creativity. Print pieces that are unique, interesting and on brand with the rest of your integrated plan are more likely to gain response. Instead of sending out a direct mail piece with push messaging, consider mailing an invitation to visit a personalized URL that hosts content enticing enough to inspire the next user action, for example.” Understanding your objective and your message and taking the appropriate marketing approaches are key. “Our main goal is not to sell more presentation folders,” says Vladimir Gendelman, founder and CEO of Company Folders, an online presentation folder boutique that has thrived since inception more than a decade ago. “Our goal is to educate our customers and help them effectively meet their marketing objectives. Print offers engagement opportunities that other marketing tools cannot.”
Gendelman says that all messages feel the same when you touch them on your iPad screen. Print has the capability of engaging on another level through touch. “You can effectively use print to convey your style and distinguish your brand through the sense of touch by varying elements of the paper and the ink. Holding something in your hand is an experience that cannot be replicated digitally. Many of the high-quality folders we make are repurposed or held on to, keeping the message alive on a subconscious level.” Business-to-business marketers are finding that good, old-fashioned “snail” mail is becoming one of the most effective ways to get their printed message in front of the right people. Studies indicate that, while the average businessperson receives in excess of 100 emails a day, he receives a personal mail piece once every seven weeks. This underutilized medium can serve as an invaluable way to garner the attention of prospective clients. And advances in print technology offer new ways to get your message across. “Print today is more versatile than ever,” McKinsey says. “In fact, with the advent of 3D printing technology, a brand can print on almost anything. Print pieces can also be more personalized than ever before. Variable data printing, for example, allows a marketer to customize and personalize brand messaging by criteria ranging from industry to gender, brand purchase history, and more.” QR codes continue to be an effective bridge from print to digital marketing, and many people are using QR codes as part of an integrated messaging campaign – even brides. A classic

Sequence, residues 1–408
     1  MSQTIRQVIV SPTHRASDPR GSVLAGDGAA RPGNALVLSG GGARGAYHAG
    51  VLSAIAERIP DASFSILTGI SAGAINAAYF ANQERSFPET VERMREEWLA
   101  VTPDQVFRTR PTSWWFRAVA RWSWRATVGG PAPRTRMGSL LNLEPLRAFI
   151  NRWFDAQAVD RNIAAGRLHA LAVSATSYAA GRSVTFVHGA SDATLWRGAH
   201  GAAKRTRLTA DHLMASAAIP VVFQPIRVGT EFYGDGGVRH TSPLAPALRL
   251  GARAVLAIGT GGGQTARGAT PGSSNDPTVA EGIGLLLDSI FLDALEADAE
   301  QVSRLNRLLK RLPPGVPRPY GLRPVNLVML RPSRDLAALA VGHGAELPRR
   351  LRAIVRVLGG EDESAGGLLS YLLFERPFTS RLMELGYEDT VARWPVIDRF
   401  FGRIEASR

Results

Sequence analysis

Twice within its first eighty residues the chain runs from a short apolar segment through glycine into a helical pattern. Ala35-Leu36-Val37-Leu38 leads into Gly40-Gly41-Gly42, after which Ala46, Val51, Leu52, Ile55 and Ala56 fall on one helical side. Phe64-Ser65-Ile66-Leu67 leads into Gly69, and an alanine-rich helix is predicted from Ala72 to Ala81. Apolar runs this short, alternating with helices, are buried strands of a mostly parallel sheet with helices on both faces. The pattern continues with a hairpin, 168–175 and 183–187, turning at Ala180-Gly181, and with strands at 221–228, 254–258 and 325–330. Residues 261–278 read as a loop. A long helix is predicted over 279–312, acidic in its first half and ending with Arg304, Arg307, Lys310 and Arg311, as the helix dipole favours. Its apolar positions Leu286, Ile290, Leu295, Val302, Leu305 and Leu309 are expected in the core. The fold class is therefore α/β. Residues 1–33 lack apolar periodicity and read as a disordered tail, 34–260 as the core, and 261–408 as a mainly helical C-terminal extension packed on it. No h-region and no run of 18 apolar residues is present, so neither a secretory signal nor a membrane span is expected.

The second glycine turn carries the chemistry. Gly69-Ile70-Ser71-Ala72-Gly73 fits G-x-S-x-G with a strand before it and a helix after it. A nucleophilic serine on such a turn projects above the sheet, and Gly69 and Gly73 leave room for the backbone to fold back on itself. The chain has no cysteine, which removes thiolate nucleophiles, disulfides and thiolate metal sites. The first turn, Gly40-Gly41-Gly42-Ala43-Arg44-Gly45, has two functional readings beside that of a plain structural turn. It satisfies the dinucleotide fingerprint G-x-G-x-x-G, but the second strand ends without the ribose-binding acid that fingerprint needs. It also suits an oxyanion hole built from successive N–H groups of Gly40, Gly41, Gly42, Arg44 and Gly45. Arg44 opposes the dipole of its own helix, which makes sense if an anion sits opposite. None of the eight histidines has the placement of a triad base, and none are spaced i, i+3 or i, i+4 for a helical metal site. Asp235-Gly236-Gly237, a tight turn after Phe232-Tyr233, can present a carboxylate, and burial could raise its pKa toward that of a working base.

engraved wedding invitation (a mingling of gold and copper inks on pearl white, 100 percent cotton paper) that displays a QR code (that links to a website with gift registries, videos of the bride and groom, and directions to the wedding venue) is the perfect melding of something old and something new. Crane & Co., which has been evolving and thriving for more than two centuries, prides itself on impeccable hand craftsmanship and celebrating the tradition of classic correspondence. They are one of the first major invitation retailers to offer wedding invitations with QR codes that link to a wedding website. Says Lacy, “I think the most successful communicators find a way to combine the two, whether it is by including a letterpress printed QR code on an invitation or an engraved Twitter handle on a business card.”
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Interview with Jill Salzman
Trending with ... Serial entrepreneur Jill Salzman